ISLAMABAD: Pakistan’s Prime Minister Shehbaz Sharif on Thursday picked Lt. Gen. Asim Munir to replace outgoing Gen. Qamar Javed Bajwa as new chief of the country’s all-powerful army.
The head of the army is arguably the most influential person in Pakistan — with the military having ruled the country for about half of its 75-year history since independence from Britain — and has extensive powers even under civilian administrations.
Munir, currently serving as quartermaster general in the Pakistan army, will likely take charge of the world’s sixth-largest defense force by troop numbers in a formal handover on Tuesday when Bajwa retires.
Lt. Gen. Sahir Shamshad Mirza has been appointed chairman of the joint chiefs of staff committee.
“The Prime Minister of Pakistan Muhammad Shehbaz Sharif has decided to appoint Lt. Gen. Sahir Shamshad Mirza as the Chairman of the Joint Chiefs of Staff and Lt. Gen. Syed Asim Munir as the Chief of the Army Staff using his constitutional authority,” the information minister tweeted.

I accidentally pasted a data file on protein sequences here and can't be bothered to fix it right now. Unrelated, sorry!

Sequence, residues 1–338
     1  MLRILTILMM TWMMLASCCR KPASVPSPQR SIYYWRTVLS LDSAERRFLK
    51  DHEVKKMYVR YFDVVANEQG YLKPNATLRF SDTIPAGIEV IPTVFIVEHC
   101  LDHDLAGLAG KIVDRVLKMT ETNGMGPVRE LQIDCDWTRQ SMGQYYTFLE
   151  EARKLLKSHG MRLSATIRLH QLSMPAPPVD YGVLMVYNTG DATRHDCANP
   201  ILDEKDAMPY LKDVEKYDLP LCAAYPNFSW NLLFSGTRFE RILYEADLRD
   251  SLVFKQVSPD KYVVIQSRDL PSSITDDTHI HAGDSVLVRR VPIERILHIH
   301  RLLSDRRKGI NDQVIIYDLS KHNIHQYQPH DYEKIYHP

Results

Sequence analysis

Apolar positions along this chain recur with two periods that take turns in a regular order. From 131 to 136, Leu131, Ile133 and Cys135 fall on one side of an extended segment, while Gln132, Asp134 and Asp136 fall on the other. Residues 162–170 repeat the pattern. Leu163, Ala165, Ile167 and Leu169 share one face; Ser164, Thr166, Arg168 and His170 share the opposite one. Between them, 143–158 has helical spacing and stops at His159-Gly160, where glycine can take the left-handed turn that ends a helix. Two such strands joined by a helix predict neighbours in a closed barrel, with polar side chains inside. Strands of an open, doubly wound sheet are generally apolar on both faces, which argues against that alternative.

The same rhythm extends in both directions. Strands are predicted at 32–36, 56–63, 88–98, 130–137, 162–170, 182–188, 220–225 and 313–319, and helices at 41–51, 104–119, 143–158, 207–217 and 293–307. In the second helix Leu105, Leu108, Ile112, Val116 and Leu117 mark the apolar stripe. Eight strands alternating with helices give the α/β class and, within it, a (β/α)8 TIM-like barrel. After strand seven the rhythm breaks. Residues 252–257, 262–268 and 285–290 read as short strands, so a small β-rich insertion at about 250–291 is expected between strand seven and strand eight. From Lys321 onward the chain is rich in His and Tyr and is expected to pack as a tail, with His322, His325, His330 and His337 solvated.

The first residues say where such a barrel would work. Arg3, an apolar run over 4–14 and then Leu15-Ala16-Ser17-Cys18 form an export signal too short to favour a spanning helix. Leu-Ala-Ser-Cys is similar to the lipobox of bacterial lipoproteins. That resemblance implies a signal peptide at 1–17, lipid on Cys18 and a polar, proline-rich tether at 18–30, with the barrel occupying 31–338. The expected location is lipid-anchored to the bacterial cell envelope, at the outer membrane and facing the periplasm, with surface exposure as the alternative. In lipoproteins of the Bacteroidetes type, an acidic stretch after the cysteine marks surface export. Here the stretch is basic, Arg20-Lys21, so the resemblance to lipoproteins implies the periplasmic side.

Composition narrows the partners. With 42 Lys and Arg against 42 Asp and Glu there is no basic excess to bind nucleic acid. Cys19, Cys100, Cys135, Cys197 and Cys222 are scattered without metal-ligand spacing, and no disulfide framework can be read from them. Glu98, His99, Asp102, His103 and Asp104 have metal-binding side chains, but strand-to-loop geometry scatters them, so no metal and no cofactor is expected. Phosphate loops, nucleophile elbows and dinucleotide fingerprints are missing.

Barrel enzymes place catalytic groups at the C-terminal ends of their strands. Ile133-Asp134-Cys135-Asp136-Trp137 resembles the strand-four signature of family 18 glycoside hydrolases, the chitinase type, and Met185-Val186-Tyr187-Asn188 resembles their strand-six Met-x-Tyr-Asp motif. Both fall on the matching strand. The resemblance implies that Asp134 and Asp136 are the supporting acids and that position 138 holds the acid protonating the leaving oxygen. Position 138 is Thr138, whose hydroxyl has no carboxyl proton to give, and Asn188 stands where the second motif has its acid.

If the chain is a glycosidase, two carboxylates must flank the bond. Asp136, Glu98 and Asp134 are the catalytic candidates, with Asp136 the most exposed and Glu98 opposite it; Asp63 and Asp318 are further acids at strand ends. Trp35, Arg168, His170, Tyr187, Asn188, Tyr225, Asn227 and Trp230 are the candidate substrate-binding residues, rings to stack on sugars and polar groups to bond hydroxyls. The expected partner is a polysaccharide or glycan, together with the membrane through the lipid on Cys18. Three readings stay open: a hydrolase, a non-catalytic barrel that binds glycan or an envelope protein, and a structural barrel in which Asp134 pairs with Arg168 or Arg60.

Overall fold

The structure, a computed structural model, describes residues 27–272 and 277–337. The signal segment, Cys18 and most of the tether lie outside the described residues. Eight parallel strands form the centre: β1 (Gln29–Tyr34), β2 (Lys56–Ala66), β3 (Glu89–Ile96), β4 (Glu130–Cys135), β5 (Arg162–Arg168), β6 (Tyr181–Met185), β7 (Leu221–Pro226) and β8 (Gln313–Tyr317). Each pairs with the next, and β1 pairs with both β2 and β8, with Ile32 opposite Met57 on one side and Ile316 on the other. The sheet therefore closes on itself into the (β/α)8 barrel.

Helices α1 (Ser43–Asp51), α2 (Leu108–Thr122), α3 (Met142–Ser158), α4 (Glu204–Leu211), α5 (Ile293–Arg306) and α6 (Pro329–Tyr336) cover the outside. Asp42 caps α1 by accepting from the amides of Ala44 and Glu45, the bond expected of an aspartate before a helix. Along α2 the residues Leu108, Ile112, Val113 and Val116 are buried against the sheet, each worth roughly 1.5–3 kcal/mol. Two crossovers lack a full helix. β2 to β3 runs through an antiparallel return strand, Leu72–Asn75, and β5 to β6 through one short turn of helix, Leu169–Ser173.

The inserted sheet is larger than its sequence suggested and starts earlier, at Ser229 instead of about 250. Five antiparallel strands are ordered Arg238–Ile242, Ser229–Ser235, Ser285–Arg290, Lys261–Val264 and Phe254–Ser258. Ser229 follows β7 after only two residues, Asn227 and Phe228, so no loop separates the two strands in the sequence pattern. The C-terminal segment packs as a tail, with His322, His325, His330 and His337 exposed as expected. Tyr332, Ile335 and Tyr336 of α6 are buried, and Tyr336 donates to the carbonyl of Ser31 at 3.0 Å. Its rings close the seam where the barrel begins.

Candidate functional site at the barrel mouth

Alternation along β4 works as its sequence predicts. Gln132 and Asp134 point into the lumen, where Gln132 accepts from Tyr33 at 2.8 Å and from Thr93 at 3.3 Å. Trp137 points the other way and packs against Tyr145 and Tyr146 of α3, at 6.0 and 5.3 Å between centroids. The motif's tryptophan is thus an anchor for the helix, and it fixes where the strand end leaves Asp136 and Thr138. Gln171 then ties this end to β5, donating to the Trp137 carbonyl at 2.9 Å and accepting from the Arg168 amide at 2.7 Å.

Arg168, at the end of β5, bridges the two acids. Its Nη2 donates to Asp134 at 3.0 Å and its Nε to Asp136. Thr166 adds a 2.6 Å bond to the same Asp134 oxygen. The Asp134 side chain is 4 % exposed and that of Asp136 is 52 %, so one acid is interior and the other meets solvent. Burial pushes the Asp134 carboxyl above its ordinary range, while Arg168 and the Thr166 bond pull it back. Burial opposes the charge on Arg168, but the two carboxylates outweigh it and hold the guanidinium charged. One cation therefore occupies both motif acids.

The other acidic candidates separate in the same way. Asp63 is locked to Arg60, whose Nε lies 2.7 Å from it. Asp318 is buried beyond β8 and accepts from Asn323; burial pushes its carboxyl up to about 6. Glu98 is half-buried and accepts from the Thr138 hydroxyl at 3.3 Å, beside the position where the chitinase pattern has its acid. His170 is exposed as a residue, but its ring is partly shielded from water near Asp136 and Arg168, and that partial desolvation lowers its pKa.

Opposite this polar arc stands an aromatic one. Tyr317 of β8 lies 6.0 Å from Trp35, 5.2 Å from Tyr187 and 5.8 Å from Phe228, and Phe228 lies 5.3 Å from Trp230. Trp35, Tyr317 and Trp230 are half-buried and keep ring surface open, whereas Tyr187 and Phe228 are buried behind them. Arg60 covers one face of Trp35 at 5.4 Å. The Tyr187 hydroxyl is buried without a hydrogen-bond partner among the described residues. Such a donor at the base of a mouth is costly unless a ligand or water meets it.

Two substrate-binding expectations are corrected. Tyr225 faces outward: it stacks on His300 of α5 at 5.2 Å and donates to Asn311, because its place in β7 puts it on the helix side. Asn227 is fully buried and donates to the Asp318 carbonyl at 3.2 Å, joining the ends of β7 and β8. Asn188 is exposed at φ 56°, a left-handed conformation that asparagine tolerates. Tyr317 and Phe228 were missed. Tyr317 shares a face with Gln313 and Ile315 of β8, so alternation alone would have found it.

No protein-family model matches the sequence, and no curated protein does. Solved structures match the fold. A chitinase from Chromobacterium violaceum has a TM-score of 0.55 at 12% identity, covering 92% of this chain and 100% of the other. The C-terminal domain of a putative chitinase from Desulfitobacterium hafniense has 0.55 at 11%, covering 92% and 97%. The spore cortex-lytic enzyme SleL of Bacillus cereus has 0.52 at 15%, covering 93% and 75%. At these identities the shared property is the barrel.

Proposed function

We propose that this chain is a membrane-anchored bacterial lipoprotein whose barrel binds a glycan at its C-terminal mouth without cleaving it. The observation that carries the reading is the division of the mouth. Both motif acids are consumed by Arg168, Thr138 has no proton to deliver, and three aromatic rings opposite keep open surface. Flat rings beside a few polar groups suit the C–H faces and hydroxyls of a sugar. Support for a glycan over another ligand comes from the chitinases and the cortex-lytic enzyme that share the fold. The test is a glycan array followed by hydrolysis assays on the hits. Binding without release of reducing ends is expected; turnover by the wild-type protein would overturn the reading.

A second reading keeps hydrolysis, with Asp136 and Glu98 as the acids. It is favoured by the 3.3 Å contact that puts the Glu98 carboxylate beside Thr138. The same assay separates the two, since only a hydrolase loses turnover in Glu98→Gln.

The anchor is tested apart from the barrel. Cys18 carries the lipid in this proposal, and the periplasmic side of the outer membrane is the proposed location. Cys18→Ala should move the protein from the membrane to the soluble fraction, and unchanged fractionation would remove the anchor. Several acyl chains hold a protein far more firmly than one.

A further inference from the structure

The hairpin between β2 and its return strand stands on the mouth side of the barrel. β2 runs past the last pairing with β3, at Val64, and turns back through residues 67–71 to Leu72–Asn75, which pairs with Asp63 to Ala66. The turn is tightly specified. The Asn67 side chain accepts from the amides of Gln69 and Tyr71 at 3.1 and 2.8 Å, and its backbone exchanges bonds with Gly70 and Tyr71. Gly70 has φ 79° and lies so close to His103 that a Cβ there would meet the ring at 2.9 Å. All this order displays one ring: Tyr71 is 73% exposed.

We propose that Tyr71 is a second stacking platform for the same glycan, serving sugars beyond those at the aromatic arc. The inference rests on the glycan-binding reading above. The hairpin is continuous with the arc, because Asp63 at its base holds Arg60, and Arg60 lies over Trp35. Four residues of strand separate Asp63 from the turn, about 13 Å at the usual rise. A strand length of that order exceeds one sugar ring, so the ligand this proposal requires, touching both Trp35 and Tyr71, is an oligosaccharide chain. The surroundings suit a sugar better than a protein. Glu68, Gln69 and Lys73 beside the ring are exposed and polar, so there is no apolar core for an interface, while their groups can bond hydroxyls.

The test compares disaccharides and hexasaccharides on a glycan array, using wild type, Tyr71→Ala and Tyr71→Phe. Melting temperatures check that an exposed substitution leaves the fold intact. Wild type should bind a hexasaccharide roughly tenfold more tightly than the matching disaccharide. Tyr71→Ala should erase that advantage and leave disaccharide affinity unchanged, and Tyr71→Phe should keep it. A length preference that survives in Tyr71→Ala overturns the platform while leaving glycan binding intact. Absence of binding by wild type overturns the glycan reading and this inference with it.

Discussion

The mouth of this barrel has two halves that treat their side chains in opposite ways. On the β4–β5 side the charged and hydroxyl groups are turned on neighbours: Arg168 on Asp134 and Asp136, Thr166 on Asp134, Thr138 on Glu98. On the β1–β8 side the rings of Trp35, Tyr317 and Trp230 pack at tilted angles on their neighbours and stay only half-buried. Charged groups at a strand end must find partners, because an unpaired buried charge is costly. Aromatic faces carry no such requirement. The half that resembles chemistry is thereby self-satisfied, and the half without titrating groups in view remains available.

“A summary of this has been sent to the President of Pakistan.”
Munir was the most senior general on the list of nominations sent to the prime minister by the military for the army chief’s position.
Munir is from the 17th course of the Officers Training School in Mangla and was commissioned in the 23rd Battalion of the Frontier Force Regiment.
He was promoted to the rank of lieutenant general in September 2018 and was subsequently appointed as the head of Pakistan’s all-powerful Inter-Services Intelligence, or ISI, spy agency.
In June 2019, Munir was replaced by Lt. Gen. Faiz Hameed as the new director general of the ISI after only eight months on the job, over what was widely reported as differences with then-Prime Minister Imran Khan.
Munir was then transferred and appointed as corps commander of the XXX Corps in Gujranwala, northern Punjab province. He has previously also served as director general of Military Intelligence and commander of the troops deployed in the Northern Areas of Pakistan.
As well as controlling security, the army operates a vast business empire in the country and often dictates key areas of Pakistan’s foreign policy, including relations with historic foe India and its war-torn western neighbor Afghanistan.